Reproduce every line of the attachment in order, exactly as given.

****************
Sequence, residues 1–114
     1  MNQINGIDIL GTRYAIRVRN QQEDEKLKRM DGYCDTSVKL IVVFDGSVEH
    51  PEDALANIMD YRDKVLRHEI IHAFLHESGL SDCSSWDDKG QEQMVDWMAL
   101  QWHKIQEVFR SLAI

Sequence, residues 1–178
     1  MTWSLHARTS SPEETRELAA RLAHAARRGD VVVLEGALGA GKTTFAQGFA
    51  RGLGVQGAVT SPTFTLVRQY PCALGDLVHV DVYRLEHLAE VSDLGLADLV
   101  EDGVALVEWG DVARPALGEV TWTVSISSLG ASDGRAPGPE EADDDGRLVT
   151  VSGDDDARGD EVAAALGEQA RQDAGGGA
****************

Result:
Sequence, residues 1–114
     1  MNQINGIDIL GTRYAIRVRN QQEDEKLKRM DGYCDTSVKL IVVFDGSVEH
    51  PEDALANIMD YRDKVLRHEI IHAFLHESGL SDCSSWDDKG QEQMVDWMAL
   101  QWHKIQEVFR SLAI

Sequence, residues 1–178
     1  MTWSLHARTS SPEETRELAA RLAHAARRGD VVVLEGALGA GKTTFAQGFA
    51  RGLGVQGAVT SPTFTLVRQY PCALGDLVHV DVYRLEHLAE VSDLGLADLV
   101  EDGVALVEWG DVARPALGEV TWTVSISSLG ASDGRAPGPE EADDDGRLVT
   151  VSGDDDARGD EVAAALGEQA RQDAGGGA